The West is grateful—but the people of Uganda feel less gratitude.

They are suffering rapidly rising prices, corruption, nepotism, harassment of democratic opposition, and violation of human rights. They think it’s time for him to go.

The intervention is a move to ensure that the US gets its cut of the potential oil wealth in competition with China and Europe.

This would position it to either prop up or dispose of the unpopular Museveni regime, depending on which way the wind blows.

Simon Andrewes, by email


Food industry is full of waste

Your editorial comment that there is enough food in the world to feed everyone (Socialist Worker, 29 October) is too simplistic.

Sure there is—but it would mean shifting millions of tons of it around the world to feed those most in need.

That is a waste of time and resources.

The food needs to be produced where it is needed.

That is possible if farming and land use is planned according to the needs of the hungry.

Many multinationals are taking over vast tracts of land in Africa, South America and Asia to produce food and other material for export and profit.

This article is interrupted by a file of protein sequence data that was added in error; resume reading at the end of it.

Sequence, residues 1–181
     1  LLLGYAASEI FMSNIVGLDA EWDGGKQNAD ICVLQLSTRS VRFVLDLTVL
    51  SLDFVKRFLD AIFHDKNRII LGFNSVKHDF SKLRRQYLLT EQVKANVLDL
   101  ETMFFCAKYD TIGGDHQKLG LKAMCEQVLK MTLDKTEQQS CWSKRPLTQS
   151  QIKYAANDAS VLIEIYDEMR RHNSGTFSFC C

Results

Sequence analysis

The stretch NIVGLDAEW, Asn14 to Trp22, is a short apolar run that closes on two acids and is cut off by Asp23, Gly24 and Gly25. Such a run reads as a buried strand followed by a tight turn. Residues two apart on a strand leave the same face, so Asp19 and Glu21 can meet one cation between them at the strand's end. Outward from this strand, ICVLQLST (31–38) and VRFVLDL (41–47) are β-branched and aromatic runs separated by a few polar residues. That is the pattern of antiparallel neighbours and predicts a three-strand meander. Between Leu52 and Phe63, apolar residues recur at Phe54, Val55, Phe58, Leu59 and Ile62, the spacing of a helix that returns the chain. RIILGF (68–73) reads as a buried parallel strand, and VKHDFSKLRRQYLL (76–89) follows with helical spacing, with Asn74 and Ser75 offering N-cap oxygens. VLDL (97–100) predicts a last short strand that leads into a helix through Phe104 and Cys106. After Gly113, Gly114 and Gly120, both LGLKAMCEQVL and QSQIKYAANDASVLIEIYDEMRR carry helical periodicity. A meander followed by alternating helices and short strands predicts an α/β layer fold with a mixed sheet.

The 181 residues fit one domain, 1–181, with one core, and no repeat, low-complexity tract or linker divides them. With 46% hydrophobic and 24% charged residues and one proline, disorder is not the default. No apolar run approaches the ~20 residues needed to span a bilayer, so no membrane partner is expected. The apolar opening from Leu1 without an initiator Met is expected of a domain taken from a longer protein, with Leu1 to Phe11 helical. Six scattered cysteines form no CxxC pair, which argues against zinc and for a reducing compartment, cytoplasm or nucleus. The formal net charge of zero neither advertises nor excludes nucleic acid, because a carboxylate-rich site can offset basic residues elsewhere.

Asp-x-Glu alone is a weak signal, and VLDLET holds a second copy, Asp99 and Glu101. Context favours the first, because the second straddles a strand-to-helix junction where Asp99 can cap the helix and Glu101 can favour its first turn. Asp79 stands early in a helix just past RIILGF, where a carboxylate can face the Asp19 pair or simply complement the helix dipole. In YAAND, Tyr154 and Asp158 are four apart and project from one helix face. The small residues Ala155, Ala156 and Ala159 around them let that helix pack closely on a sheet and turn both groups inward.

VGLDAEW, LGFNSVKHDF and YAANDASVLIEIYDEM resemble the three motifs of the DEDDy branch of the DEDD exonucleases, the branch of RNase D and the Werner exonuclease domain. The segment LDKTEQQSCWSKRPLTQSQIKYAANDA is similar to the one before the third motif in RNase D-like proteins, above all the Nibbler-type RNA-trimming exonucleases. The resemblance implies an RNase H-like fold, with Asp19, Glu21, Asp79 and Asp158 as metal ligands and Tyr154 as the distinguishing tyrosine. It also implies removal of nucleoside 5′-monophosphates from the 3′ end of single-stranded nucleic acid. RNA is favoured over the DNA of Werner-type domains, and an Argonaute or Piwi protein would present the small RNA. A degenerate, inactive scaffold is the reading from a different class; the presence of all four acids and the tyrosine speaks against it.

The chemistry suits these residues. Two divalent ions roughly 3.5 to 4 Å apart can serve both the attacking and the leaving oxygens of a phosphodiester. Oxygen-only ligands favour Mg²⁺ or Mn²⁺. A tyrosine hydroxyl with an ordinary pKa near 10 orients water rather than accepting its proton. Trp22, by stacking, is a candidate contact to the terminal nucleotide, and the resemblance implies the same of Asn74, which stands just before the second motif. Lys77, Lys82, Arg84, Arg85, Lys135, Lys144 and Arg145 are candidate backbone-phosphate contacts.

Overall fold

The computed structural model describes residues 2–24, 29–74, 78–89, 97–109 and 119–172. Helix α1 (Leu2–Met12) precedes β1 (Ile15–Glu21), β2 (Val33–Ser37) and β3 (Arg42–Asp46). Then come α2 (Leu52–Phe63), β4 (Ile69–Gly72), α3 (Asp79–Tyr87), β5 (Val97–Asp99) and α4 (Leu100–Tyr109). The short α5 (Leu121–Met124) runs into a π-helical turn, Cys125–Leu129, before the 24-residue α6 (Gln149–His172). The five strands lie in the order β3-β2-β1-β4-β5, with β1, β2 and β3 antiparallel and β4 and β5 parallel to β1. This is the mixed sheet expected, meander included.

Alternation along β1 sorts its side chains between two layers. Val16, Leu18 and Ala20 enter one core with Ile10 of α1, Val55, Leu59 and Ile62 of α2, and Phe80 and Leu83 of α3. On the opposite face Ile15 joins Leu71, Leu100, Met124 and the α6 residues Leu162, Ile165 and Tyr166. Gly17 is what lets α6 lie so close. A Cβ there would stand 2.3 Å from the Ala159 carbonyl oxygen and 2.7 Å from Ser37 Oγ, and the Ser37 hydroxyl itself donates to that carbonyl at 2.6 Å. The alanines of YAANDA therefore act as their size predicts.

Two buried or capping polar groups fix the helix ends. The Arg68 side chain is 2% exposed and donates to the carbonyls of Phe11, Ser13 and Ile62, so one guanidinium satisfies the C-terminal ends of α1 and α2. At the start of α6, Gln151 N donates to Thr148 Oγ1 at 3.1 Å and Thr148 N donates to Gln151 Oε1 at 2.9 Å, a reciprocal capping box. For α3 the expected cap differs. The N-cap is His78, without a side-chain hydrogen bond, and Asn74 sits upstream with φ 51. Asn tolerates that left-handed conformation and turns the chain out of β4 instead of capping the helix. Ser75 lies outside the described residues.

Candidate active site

Meanwhile they leave the local population to starve.

Norman Biddlecombe, South London


Health reform hits the poor

Why do ideas for improving health always involve making poor people pay more?

A study from Oxford University this week claimed that a typical “English” diet is healthier than those in Scotland, Wales or Northern Ireland.

It then raised the idea of a tax on unhealthy foods.

I think this would be unfair as the poorest would have even less choice. Should the government ban firms from making unhealthy foods instead?

Claire Woods, Liverpool


Money’s no object for war

Workers are told there’s no money to invest in jobs or services, or to give us decent pensions.

Yet the government now says it wouldn’t hestitate to attack Iran.

It is already looking into where to deploy ships and submarines.